PASSIONATE, INTENSE AND WILD: JANE EYRE REBORN
“I am no bird, and no net ensnares me!”. As if in answer to Jane’s cry of defiance Sally Cookson’s spare, thrilling, physically expressive production frees Charlotte Bronte from the fusty old netting of Mills-and-Boonery which marks even the best screen adaptations. Madeleine Worrall has a tough striding attractiveness, not misty glamour: the skeletal ladders and frames where the cast run and climb and gallop free the emotion of the story from period chintziness. Empty windowframes high aloft, or held up by the cast to fling open or close in on Jane are a powerful economical metaphor: her inward thoughts are sometimes spoken by a protean ensemble. Pure theatre, passionate not pretentious, sweeps aside cobwebs and uncovers the hot smouldering core of the story.
There are two parts (see both!), a brave decision rooted in determination to convey the early part, the orphan at Mrs Reed’s mercy and the hollow pieties of Lowood school (imaginative chanting use is made of the Penny Catechism, enjoining the child at bedtime to “thoughts of death”. I remember that, brrr.). It gives proper weight to incidentals like the trammelled kindness of the maid Bessie, and above all it respects the plight of poor mad Bertha Rochester. Brilliantly, she is played by that tremendous mezzo Melanie Marshall, wandering around singing at key moments all through. She has a recurring, haunting folksong of orphanhood, a tremendous Kyrie, and a moody “Mad about the Boy” speaking for both Bertha and Jane. Sly, that: indeed there always was more than a touch of cad-about-the-boy in Rochester’s masterful insolence. And Bertha’s unforgettable rendering of Gnarls Barkley’s “Crazy” at the fiery climax is overwhelming in its pity and savagery.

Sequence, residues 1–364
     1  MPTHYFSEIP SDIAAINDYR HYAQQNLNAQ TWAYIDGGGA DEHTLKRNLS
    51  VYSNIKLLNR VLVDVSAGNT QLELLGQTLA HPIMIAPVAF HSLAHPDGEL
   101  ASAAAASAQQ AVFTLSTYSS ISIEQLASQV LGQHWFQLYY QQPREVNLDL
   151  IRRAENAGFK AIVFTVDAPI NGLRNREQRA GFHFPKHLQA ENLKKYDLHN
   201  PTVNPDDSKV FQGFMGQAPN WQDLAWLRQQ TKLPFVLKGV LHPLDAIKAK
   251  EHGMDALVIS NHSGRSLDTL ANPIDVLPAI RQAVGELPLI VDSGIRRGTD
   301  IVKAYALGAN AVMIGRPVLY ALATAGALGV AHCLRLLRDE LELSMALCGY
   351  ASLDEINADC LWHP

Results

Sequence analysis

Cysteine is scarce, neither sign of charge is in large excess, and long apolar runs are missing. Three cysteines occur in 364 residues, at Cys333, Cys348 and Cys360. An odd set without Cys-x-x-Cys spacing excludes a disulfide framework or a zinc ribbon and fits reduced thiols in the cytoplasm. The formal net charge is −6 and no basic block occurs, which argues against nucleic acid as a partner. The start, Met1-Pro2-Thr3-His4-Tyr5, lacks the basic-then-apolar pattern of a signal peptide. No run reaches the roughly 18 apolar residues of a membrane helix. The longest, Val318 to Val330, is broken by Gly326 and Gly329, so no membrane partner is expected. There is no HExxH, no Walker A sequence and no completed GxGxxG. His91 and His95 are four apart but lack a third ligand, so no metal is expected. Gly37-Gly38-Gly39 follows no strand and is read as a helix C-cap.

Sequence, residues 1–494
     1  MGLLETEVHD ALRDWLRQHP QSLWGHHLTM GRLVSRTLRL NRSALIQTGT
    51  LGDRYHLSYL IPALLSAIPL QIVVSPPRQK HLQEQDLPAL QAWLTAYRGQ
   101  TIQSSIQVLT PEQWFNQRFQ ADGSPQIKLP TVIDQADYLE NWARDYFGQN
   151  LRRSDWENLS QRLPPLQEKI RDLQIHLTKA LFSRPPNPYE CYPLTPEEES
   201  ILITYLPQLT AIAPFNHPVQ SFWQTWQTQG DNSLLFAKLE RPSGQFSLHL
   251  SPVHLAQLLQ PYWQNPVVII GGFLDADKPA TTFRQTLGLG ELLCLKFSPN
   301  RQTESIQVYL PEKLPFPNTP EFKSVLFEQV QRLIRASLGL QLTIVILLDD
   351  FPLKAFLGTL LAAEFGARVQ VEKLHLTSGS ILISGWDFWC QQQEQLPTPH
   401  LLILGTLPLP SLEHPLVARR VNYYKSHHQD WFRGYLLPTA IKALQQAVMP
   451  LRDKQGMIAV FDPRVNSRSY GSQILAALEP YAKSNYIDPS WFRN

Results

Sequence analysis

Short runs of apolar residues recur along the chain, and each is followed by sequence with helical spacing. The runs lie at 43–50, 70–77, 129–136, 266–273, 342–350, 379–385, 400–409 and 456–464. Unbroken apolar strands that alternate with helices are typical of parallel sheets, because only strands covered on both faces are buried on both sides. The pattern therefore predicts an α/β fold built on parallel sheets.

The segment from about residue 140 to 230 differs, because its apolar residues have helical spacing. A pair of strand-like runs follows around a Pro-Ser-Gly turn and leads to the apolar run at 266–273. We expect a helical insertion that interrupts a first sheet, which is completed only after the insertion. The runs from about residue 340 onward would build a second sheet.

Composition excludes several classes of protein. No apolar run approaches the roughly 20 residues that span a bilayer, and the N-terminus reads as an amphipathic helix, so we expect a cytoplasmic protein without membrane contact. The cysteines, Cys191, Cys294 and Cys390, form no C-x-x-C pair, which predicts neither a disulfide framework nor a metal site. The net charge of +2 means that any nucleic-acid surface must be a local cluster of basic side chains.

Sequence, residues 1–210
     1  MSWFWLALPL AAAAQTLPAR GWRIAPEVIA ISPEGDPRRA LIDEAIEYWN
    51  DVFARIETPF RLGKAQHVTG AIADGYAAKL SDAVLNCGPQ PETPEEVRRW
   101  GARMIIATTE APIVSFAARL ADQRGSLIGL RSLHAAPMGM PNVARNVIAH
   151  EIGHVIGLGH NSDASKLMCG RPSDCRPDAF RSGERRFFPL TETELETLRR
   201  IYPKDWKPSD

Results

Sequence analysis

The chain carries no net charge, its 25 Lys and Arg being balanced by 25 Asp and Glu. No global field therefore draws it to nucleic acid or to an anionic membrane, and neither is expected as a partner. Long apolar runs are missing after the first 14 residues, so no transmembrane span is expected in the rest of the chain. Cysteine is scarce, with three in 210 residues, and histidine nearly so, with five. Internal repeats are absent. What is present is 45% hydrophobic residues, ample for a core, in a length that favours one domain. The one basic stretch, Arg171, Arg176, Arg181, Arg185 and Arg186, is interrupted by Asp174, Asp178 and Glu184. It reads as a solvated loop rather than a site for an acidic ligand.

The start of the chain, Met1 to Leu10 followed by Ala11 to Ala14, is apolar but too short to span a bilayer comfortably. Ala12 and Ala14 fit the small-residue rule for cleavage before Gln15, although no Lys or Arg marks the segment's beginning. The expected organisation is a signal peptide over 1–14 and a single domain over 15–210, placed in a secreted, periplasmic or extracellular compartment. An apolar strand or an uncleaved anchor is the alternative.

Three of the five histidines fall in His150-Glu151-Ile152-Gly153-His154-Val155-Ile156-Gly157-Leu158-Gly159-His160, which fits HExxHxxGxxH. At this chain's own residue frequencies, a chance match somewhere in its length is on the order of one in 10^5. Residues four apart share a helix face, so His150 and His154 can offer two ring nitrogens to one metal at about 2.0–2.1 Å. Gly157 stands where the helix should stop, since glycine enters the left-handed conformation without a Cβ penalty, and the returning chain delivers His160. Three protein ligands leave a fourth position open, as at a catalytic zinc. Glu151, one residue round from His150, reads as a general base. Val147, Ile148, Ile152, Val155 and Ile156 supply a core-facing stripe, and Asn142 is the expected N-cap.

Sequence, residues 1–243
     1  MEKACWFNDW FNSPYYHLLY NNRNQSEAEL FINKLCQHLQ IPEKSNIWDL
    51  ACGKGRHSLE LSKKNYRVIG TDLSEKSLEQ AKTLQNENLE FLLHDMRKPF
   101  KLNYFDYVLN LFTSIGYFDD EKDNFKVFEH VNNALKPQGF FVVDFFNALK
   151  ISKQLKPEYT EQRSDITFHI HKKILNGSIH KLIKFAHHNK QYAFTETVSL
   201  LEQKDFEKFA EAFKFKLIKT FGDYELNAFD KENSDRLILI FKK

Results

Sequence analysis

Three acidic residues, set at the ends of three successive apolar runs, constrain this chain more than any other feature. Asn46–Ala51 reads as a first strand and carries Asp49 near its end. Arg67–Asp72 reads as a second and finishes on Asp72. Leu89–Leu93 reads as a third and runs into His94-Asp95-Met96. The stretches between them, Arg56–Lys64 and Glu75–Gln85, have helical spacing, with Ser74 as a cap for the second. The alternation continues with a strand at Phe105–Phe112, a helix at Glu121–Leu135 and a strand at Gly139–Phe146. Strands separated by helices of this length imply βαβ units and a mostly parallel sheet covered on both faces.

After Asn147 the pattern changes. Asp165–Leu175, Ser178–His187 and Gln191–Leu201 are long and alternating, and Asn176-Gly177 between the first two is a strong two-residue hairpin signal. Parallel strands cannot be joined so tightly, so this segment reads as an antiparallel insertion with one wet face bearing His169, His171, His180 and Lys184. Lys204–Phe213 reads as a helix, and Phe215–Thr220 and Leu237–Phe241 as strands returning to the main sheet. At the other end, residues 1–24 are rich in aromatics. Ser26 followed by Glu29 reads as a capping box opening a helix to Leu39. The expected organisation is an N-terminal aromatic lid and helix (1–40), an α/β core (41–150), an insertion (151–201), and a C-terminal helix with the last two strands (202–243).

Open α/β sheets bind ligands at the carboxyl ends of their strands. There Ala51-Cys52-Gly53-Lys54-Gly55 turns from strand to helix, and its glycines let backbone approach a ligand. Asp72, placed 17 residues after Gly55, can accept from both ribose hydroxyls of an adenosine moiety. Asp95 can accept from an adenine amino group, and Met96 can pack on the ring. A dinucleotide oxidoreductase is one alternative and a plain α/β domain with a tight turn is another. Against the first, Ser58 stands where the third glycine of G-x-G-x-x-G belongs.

The doubling and trebling of parts by the ensemble weaves new meanings and ambiguities into the well-worn tale: dialogue is sparse and finely judged with an extraordinary amount being conveyed by movement and by Benji Bowers’ haunting score, from folk to cabaret to echoes of Elgar and Britten . But when Bronte’s words are spoken they find fresh power: the scene in the second part when Rochester (Felix Hayes) declares himself to a sceptical Jane is as stroppy and defiant as it should be. There is some humour – not least Craig Edwards’ occasional metamorphoses into Pilot the dog, Laura Elphinstone’s careering dangerously around on the set’s walkways as Adela, and Rochester’s petulant “I am disposed to be gregarious and communicative tonight”.
But mostly it is intense storytelling, movement blurringly fast or dreamlike in slowness. It calls up the older, darker folktale awareness which always underlies the Brontes‘ work: a touch of Bluebeard, of faery, a pre-Christian passion and danger. The quality which makes Jane so pleasingly resistant to the missionary earnestness of St John Rivers and his immortal “You were framed for labour, not for love, I claim you for the Lord’s service”. Altogether, this extraordinary interpretation arouses feelings long forgotten: the impact of first reading the book, a childlike resentment of injustice and inchoate sense of romance, the terror of madness and nightmare and the secret conviction that the individual must and will endure. It is a wonderful production. Reader, I’d marry it.
box office 0117 987 7877 to 29 March